9. I feel your pain and believe me I know your fears. My autistic son is 15 now and entering adulthood. Don’t look ahead, don’t be scared for the future, just take each day as it comes right now and as you plan and choose the path & school, you will find amazing wonderful people who will help you. I remember the early years and the pain, so hold the boys close, cry your tears and just continue to love them. Don’t forget to find in that any joy and time for yourself. Thinking of you. Over the next few months I will be writing of some of my journey integrating my child to school, join my blog (though I’m sure you have no time!!) Best of luck. Sprinkles xx

    1. Thank you so much! That means a lot. I write a lot about autism in this style. If you click the category ‘autism’ you’ll be able to see them. Thanks for reading and commenting ☺

  10. This brought back so many memories of my own boy at that age. He is now 12 and getting ready for high school. His ability to cope with school has blown me away. It took it’s toll early on but he, and we, adapted to the new demands on all of us. Now I wish I could stop the clock and keep him 12 forever so he doesn’t have to move onto high school and move on from his caring teachers and beautiful school community. I don’t want to take a lottery with 6 different teachers and subjects each day. But he (and we!) coped the first time around. I know we can make this next transition a success too, with planning and preparation. Never underestimate our beautiful, wonderful kids. They will always surprise us. And while the road at first will more than likely be rocky and hard and uncomfortable, it will get better and you will all adapt and thrive. Even your precious boy x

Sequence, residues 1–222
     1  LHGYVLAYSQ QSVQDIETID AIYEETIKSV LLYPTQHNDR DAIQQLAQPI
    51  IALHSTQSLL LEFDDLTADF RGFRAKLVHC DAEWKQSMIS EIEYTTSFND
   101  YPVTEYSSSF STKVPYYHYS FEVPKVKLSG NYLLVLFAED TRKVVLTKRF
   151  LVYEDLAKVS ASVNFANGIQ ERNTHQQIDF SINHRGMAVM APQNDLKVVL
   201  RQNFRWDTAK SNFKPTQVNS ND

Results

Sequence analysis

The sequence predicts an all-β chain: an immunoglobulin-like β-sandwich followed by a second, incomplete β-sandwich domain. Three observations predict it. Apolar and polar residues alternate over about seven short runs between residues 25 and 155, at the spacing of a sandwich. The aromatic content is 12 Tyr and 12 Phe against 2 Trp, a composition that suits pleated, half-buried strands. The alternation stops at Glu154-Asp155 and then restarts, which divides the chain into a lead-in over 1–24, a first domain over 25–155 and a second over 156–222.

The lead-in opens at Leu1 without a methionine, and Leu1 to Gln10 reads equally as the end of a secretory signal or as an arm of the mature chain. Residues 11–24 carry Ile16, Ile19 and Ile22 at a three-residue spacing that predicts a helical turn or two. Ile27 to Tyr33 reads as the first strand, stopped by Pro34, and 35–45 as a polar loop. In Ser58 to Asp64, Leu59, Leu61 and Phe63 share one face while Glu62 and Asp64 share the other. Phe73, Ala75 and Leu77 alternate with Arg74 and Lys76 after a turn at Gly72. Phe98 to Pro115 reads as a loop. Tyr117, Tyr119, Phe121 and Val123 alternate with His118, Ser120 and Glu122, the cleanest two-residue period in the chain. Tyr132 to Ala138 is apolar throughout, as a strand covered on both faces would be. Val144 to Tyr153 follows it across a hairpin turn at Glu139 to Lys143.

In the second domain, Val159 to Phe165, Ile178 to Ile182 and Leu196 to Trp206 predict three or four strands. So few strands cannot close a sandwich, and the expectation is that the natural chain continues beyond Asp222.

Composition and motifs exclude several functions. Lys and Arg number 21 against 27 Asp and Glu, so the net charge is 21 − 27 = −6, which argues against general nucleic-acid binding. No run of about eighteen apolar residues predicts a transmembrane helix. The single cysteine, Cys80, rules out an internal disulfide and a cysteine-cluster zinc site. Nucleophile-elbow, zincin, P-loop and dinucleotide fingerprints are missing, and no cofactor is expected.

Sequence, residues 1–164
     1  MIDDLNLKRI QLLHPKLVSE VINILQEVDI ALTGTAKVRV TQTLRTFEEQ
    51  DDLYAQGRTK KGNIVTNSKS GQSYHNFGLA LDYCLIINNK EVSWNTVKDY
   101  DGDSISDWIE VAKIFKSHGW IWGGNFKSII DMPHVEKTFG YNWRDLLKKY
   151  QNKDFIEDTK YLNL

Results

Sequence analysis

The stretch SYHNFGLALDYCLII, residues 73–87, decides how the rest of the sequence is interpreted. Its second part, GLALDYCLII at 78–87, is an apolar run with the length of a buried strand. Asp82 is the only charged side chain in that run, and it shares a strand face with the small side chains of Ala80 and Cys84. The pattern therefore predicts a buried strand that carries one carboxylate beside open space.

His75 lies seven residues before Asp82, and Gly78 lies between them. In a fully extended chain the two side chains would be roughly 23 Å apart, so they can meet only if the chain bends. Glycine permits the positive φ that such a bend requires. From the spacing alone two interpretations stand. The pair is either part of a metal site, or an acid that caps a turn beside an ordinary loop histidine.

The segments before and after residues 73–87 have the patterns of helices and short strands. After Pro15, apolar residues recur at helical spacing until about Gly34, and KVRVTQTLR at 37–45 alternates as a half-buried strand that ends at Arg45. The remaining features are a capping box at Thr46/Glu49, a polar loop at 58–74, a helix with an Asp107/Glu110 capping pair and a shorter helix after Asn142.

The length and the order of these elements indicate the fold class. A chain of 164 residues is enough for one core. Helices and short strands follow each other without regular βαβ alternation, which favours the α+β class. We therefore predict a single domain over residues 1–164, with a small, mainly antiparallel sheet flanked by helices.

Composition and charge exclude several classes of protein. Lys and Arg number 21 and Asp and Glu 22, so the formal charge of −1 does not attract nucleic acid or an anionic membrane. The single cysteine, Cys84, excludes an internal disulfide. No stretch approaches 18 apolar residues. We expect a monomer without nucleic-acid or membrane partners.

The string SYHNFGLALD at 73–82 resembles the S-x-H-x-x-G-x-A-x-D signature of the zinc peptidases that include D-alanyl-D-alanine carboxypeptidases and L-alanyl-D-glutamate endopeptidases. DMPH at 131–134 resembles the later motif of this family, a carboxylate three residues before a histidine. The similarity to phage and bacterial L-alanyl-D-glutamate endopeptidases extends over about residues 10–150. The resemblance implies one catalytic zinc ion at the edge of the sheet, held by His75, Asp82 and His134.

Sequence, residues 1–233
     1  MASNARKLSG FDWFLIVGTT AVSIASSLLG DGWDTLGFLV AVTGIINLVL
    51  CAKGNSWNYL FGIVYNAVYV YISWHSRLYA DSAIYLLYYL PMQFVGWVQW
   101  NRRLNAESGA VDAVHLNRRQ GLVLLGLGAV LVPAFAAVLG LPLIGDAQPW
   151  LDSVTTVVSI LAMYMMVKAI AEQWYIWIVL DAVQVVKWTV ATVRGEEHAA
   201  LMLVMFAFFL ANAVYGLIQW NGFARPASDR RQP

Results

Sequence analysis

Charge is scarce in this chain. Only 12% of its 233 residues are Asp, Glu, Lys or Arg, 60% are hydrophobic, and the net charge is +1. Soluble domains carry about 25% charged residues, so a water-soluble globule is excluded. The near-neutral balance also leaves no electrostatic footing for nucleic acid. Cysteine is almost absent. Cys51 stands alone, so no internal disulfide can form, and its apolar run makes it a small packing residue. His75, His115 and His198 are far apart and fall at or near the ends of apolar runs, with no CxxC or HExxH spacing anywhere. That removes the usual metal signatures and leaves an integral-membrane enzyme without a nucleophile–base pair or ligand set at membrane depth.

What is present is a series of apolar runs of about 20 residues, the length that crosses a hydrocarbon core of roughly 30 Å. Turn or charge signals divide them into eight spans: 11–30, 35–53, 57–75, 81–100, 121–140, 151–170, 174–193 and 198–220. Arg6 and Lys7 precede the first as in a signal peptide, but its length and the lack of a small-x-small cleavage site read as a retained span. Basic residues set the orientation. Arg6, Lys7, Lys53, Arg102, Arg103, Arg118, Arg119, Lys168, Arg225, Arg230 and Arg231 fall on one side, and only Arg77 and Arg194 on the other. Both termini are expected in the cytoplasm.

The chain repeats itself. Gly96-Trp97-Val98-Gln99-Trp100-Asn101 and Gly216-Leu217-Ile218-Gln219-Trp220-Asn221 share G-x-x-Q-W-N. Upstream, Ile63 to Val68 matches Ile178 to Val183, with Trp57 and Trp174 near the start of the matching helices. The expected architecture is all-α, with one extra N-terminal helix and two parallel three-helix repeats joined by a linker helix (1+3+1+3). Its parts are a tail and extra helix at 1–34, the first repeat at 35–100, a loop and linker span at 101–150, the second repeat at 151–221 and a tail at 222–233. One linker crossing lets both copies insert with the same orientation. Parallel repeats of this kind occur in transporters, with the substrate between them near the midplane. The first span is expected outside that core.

11. It is so hard when you see them struggling, especially when you know that there is a change coming and you don’t know what will come with that change.


  12. Letting go of our children is hard for all parents, but especially those of us who have children who are that little bit different. My daughter doesn’t have autism but she has other issues and nobody understands her cues as quickly or as thoroughly as I do. It’s so hard to trust this to somebody else. But my daughter is just starting her 2nd year at school and she is loving it. Enjoy your three hundred and fifty eight days together, and then run head-long at the school phase. You can do it if you support each other. x

  13. Stunning piece. You clearly pour every ounce of yourself into your beautiful boy… but you have spared a tiny drop for this post and I am glad you did. I can feel your love for him through your words. That is a special kind of writer. Sophie Xx

  14. Pingback: Good Reads #7 - The Less-Refined Mind